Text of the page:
(04-30-2015 06:08 AM)iSnore Wrote: Mr. Porter was essentially given manual transmission cars that have to be completely stopped in order to change gears--and then told it was illegal to do so. For those who don't get the analogy, completely stopped means he would have to pause his sleep journey and wake up to adjust the pressures. His manual transmission was placed in a gear needed to get over hills along his route, but inappropriate for the majority of his journey, i.e. his night's sleep. Allowing Mr. Porter to change that gear before the journey might make him more comfortable, but might not get him over those hills. An automatic transmission could.
I have no illusion that automatic xPAP algorithms are optimal, or that one in the default range of 4-20 or 25 cm would be comfortable for the patient or would react fast enough from a low of 4 cm. And I recognize that a fixed pressure works better for some patients. But I think in this day and time, when we have automatic xPAPs with an alternate fixed pressure mode (like an automatic transmission with manual shifting capability), it's unconscionable lesser options are even sold, much less pushed by DMEs.
Edit to add: We on this forum are one-percenters--representing probably less than one percent of the xPAP-using population. Yet even here, not everyone has the knowledge or time to self-titrate, especially with a fixed pressure machine. While I don't believe the lie of illegality should be told, I do believe allowing the general population of users to adjust pressures will undoubtedly result in many, if not most, essentially untreated. For the one-percenters who have guidance from a forum of experienced users, both the ResMed and Respironics current models make it easy to access the clinician/provider menus by holding down the knob and button. What's really needed IMO is more education of doctors and DMEs.
You know what? I want you to know that your comment really really said a lot, and I totally must agree with you. You know, I think that if there was MORE EDUCATION, there would be such a profound difference. The thing is, there is so many people, so many patients who use xPAP and who just use it, not knowing really much about it, or anything hardly at all. I know of one friend who I have been blessed dearly by. She has a CPAP machine. She does not even know her own pressure. Every time I see her, I always ask her what her pressure is and she is like, "Well Peter? I have not looked." I think that DMEs AND patients really need to be educated. DMEs need to be educated and then taught to help and educate their patients. Because I've heard of horror stories where the machine was just delivered, and very quick instructions were given, and then the machine was left with the patient. Essentially, the machine was given to the patient, and the DME provider, OR EVEN WORSE, the DELIVERY person, who really has no idea what it is for, much less how it is used, just drops the piece of equipment off at the patient's door, says something like the following, and then leaves.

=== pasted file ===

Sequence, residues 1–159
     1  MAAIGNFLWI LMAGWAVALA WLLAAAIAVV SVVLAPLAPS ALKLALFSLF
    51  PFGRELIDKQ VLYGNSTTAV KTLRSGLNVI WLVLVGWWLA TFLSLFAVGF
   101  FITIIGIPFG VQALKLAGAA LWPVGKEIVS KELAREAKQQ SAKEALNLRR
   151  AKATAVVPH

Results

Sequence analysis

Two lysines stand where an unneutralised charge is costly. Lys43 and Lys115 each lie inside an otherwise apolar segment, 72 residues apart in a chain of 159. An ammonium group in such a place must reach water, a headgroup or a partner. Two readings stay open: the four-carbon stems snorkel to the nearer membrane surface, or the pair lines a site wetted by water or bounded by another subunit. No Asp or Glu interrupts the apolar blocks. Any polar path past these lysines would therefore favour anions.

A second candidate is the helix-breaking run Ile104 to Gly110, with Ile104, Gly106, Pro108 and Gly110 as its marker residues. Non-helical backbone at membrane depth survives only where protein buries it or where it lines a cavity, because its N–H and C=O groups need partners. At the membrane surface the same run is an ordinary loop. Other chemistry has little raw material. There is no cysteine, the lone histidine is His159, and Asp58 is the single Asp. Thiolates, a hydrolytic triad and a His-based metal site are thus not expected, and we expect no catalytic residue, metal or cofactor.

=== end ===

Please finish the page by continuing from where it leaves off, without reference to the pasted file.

Oh yeah, I am here to deliver your breathing machine. You just plug it in, put some water in the humidifier, put the mask on, turn it on, and then, you're ready to go to sleep."
There is not even a mask fit performed. One of numerous masks is given to the patient, that mask may be a nasal pillows selection, may be a nasal mask, or may be a full face mask.
AND THEN WHAT?
The delivery person leaves.
When the patient goes to bed that night, they realize that something is not right.
Well, DUHHHHHHHH, They were not instructed in regards to the usage of the RAMP BUTTON, they were not instructed on exactly how much the humidifier needs to be filled. They were not instructed on the usage of the device itself, much less what exactly the machine is used for. They were not instructed on so many many more things that are of such profound importance.
They are just given the machine, and then kicked to the kurb as you might call it.
Now that is utterly sad.
I think for PAP therapy, EDUCATION of the DME, AND, the patient is CRITICAL for successful usage chances at all. I could go on and on for hours. FOR HOURS. And the mask fit thing? Uhhhhhhhhh, Not every patient is going to do well with a nasal pillows selection interface. Not everybody is going to do well with a Nasal mask. Not everybody is going to do well with a Full Face Mask. I have seen it happen to people before, and really? It is just down right heart breaking.